1. Here’s an ethics quote I need to use more often…I was watching the 1941 film “The Devil and Daniel Webster,” about a jury trial to determine whether the Devil will get a farmer’s soul as contracted. It reminded me of a quote by Kurt Vonnegut: “A soul is the part of you that let’s you know when your brain isn’t working properly.”
A better definition of an ethics alarm you could not devise.
2. So where were the souls of the judges who voted for this? Thousands of prisoners have been released from incarceration to protect them from the outbreak of the Wuhan virus inside jails and prisons. The theory is that subjecting prisoners to this special peril is cruel and unusual punishment. The theory’s not wrong, but it’s a bit unbalanced. Their peril is not entirely society’s fault, after all.
There are activists at the extreme end of the progressive spectrum —a division getting larger all the time, it seems—who seem to want to eliminate penal punishment completely. Not letting a crisis go to waste, a group of them , Columbia Legal Services, began pushing for inmates over 50 years old in Washington state to be released as a compassionate act to save them from the virus.
Among the intended beneficiaries: Gary Ridgeway, the Green River Killer, and Isaac Zamora, serving a life sentence for going on a shooting rampage and killing six people. Ridgeway is one of the nation’s most frightening serial killers, eventually confessing to 71 murders. Over the three decades of the 1970s, ’80s and ’90s, Ridgeway captured women and girls, raped them, and strangled them. He loved watching the life go out of their eyes as they died by his hand, though sometimes he used a rope. Then he would pose with the corpses. If he really liked his victim, he’d have post mortem sex with her body. His first victims were found in the Green River, giving him a catchy name.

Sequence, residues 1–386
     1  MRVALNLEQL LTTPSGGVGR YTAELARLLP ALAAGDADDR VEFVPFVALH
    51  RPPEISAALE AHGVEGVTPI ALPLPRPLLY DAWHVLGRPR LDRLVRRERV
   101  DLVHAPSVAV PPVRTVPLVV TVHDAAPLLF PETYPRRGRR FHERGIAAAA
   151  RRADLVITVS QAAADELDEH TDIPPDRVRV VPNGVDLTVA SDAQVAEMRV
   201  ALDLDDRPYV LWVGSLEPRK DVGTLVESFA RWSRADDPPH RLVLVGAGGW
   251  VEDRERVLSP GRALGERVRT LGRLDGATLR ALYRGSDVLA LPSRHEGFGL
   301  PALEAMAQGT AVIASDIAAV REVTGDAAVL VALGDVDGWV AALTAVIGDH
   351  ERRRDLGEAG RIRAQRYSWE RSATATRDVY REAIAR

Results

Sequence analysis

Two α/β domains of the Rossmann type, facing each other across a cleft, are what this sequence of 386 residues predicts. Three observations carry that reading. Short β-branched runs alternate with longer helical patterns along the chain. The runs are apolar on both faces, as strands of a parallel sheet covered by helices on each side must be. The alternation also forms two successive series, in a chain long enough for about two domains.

Ridgeway was sentenced to 500 years in prison with no possibility of parole. The victim’s families were promised that he would never be released. Ah, but poor Gary is 71 now, and thus at risk of succumbing to the pandemic, and presumed to be too feeble to be a threat. That, at least, is what Columbia Legal Services argued. (You know, I’m not much younger than Ridgeway, and I’m pretty certain I could murder someone. In fact, I’m getting ideas…)
Q13 News reported that prosecutors protested that “the Petitioners [Columbia Legal Services] demand that 2/3 of the prison population be released into the community, a number which includes serial killers and capital murderers.” You would think that their argument would be a slam dunk. You would be wrong. Continue reading